Oliver’s brattiness is teased throughout the episode through screaming matches with is parents or refusal to participate in debate prep, but only when he ascends to the Oval Office does his character truly sour. His demands as Commander-in-Chief turn quite extreme. He calls for Nintendo to give all American’s a free Gameboy or he will impose a million-dollar-per-Gameboy tax, burying the company in a pit of financial failure. He wants to “fire” all of Congress when they request his medical report. The aides, rather than pushing against Oliver’s demands, follow his wishes blindly. Any confrontation leads to an immediate firing.

The Trump allegory is painfully hamfisted. Stories of Trump’s inadequate knowledge of governmental functions and refusal to consider other’s points-of-view are far too numerous for me to mention. But the attempt at political commentary in “The Wunderkind” proves useless as it is preaching to the choir. No Trump supporter will see “The Wunderkind” and think, “Oh gee, maybe Trump really is bad.” Nor will any Trump nay-sayers come away with new insights on his Presidency. The episode regurgitates familiar rhetoric surrounding the Trump era with no new perspective to offer. “The Wunderkind” is not trying to make an argument; it is inviting already like-minded viewers to join in on beating its dead horse. Trump is a petulant child! We get it!

We have seen a lot of incredible Trump Era art that insightfully examines what led to his Presidency and his failings as a leader (BlackKlansman, Sorry to Bother You, The Death of Stalin, and The Favourite are four examples from 2018 alone). But those films are adding to the conversation and try to point out toxic aspects of the United States that were already thriving before Trump took office. “The Wunderkind” has no similar ambition. It is content to say “Trump is bad” and leave it at that. In a show as hellbent on confronting questions of American identity as this new Twilight Zone revival is, “The Wunderkind” single-layered identity as an anti-Trump narrative does not bravely enough consider what it is about Trump that is so troubling. It is more comforting to point and mock than it is to look inward.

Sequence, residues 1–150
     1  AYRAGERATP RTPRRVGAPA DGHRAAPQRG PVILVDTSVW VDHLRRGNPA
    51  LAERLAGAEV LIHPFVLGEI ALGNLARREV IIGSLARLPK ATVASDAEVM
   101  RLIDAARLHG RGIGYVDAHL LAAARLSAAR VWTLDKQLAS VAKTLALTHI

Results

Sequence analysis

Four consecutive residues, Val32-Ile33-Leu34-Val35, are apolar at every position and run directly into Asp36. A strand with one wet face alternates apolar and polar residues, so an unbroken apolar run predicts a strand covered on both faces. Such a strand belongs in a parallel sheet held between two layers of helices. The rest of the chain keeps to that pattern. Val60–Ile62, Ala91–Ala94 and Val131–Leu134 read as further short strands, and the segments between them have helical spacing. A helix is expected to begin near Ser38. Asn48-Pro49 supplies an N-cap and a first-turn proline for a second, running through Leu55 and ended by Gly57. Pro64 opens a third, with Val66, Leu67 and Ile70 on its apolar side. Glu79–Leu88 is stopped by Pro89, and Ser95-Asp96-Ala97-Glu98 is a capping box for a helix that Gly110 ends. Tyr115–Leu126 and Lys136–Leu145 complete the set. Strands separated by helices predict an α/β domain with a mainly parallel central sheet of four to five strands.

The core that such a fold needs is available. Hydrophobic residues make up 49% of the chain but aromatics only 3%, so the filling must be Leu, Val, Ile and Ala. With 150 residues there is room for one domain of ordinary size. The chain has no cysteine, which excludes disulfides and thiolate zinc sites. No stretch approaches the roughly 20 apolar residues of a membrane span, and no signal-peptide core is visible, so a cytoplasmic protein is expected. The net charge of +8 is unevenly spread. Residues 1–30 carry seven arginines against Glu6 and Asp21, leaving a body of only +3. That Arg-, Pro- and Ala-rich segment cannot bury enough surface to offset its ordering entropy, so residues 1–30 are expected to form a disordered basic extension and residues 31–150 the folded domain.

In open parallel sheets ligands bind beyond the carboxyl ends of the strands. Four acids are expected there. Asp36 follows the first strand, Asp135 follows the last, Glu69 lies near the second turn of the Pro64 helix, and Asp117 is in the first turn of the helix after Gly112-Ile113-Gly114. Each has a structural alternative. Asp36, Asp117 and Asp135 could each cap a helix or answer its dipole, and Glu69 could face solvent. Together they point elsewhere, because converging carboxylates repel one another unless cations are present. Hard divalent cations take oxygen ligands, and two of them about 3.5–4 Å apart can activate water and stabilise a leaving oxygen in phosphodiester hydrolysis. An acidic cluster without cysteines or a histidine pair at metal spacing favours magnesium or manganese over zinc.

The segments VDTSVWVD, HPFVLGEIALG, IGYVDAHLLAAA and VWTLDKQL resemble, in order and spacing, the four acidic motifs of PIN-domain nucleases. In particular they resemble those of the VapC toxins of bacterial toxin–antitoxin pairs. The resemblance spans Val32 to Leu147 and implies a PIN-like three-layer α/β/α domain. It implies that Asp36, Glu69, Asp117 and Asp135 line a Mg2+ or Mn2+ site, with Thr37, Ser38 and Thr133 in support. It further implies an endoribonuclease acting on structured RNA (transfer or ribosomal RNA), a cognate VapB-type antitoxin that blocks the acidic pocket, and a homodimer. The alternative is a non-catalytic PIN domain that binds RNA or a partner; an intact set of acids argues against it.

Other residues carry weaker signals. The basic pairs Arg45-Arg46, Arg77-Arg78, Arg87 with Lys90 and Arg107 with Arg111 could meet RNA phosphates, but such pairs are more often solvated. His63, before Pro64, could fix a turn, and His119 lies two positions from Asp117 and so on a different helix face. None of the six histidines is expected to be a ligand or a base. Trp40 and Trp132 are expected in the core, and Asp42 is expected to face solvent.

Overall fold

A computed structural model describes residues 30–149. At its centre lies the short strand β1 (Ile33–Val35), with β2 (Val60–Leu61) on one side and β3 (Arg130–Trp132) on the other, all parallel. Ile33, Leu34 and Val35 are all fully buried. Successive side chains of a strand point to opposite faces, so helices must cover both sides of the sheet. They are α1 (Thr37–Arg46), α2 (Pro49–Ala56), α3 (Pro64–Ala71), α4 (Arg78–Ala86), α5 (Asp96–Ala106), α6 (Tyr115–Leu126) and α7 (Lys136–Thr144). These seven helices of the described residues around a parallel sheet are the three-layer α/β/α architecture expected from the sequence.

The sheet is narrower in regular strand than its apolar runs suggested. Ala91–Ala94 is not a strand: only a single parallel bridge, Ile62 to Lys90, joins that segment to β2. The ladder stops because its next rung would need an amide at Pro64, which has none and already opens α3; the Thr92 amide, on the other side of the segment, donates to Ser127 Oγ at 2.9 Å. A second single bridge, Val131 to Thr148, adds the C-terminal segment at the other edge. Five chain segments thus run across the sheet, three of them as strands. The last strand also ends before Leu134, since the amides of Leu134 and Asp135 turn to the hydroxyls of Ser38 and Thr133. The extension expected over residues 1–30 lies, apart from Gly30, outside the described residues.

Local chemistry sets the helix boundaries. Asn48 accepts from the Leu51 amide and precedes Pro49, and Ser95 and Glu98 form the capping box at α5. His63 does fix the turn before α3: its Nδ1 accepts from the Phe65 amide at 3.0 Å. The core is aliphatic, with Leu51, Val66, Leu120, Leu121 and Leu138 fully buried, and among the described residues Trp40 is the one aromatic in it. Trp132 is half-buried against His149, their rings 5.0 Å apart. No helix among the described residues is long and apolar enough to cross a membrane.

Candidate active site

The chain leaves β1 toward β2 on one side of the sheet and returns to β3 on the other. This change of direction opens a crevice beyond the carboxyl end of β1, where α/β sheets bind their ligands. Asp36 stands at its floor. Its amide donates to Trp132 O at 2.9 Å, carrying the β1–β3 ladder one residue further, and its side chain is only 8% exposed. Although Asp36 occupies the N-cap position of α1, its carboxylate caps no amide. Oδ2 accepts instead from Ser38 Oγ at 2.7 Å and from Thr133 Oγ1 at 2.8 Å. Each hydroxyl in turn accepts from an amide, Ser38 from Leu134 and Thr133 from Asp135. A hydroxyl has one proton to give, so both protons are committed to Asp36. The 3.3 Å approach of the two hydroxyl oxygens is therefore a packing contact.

Episodes of “The Twilight Zone” are available exclusively at CBS All Access.

Steven Yeun as A. Traveler in "The Traveler."

“The Twilight Zone” (2019): Episode Four Review

Steven Yeun as A. Traveler in “The Traveler.”

The Twilight Zone in its first three episodes has delivered a variety of genres: “The Comedian” is a mildly supernatural parable; “Nightmare at 30,000 Feet” is a mystery; and “Replay” is political allegory. It is fun to see the show bouncing around different avenues to deliver its storytelling. But now The Twilight Zone has entered truly bonkers territory with its science-fiction laden fourth episode “T Traveler,” and the confidence I once had in being a moderately intelligent person has been shaken by this episode’s refusal to hold the audience’s hand.